Looping back near Earth for the first time since its launch one week ago, NASA’s Transiting Exoplanet Survey Satellite fired its thrusters early Wednesday to begin boosting its orbit toward the moon for a May 17 gravity assist maneuver that will help catapult the probe into its unique science orbit.
NASA’s new planet-hunting TESS observatory completed its first post-launch thruster firing Saturday, setting up for a big boost Wednesday that will send the spacecraft toward the moon for a flyby next month, the next maneuvers in a two-month process to reach the mission’s final science orbit in mid-June.
A group of researchers has observed the first ground-based transit observation of K2-3d — a potentially Earth-like extrasolar planet supposedly within the habitable zone around a bright M-dwarf host star 147 light-years away — using the multi-band imager MuSCAT on the Okayama Astrophysical Observatory’s 1.88-metre telescope.
A team of German researchers has succeeded in measuring the oblateness of a slowly rotating star with unprecedented precision using asteroseismology — the study of the oscillations of stars. The technique was applied to a hot and luminous star called Kepler 11145123 some 5,000 light-years away that is spherical to one part in 500,000.
Exoplanet KELT-4Ab, about one and a half times the size of Jupiter, orbits the main star of a three-star system every three days. The system’s other two stars orbit each other once every 30 years while simultaneously orbiting the main star — and the planet — once every 4,000 years. The triple star system lies about 685 light-years from Earth.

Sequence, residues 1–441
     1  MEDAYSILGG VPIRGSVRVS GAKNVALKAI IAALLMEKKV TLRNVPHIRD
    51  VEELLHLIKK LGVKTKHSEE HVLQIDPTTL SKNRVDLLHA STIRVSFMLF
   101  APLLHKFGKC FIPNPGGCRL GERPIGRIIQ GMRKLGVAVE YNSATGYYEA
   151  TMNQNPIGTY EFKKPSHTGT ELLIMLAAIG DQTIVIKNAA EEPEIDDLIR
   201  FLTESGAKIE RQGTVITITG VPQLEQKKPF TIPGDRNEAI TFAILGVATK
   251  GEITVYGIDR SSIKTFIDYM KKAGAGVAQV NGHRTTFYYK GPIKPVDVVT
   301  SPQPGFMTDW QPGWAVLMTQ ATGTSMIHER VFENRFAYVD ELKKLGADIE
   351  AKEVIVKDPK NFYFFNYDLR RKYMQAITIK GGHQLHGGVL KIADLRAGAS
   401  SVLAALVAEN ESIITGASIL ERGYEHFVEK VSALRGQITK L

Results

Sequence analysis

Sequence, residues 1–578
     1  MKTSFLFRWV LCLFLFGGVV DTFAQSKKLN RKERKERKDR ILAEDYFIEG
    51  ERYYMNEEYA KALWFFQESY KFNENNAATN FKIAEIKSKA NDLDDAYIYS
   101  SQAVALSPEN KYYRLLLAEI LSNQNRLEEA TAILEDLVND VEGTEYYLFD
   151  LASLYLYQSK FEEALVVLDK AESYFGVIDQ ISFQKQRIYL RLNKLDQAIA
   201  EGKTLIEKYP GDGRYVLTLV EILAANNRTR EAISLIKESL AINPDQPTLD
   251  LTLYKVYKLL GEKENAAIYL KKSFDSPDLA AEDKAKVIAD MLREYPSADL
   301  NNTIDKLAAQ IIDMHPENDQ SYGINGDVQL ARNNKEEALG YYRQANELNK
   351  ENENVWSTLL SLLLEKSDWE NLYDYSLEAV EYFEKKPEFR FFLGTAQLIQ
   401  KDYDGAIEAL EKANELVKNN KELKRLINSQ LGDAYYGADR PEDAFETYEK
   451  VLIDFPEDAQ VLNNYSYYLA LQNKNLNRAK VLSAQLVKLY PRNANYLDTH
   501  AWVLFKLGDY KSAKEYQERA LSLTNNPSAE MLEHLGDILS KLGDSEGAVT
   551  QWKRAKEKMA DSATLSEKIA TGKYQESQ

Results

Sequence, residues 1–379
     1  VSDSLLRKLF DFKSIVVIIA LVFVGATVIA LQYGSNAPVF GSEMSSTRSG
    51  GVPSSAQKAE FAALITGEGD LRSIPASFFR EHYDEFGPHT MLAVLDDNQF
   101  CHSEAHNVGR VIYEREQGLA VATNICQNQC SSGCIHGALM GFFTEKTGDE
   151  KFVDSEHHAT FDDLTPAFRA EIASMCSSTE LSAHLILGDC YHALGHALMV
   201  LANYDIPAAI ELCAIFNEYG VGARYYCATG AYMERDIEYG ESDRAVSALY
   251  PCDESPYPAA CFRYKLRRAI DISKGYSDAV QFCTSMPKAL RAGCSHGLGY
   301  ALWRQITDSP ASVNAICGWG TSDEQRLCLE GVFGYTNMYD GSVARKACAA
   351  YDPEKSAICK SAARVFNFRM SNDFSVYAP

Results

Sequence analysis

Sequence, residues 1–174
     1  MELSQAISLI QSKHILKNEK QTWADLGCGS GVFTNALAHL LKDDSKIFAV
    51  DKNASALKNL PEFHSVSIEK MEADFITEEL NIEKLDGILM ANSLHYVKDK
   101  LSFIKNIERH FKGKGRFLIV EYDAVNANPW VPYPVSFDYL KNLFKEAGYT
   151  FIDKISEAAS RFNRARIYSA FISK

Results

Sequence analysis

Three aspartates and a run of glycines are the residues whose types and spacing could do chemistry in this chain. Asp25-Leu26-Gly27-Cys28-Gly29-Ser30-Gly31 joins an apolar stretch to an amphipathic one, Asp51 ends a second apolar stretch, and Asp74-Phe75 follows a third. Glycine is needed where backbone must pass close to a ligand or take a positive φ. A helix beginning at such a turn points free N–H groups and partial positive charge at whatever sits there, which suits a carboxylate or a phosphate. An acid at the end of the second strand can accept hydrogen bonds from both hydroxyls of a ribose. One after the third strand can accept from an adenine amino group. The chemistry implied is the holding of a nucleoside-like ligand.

A team of researchers led by San Francisco State University astronomer Stephen Kane were able to detect a signal of reflected light from a planet known as HD 20782 b — a “flash” of starlight bouncing off the planet’s atmosphere as it made its closest orbital approach to its parent star on the most eccentric, comet-like orbit yet seen.
One method to discover planets beyond the solar system by far is transit photometry, which measures changes in a star’s brightness when a planet crosses in front of its star along our line of sight. NASA’s Kepler Space Telescope has used this technique to become the most successful planet-hunting spacecraft to date, with more than a thousand established discoveries. Satellites carrying improved technology for all-sky surveys are now planned, missions that will tell us a great deal about alien planetary systems similar to our own.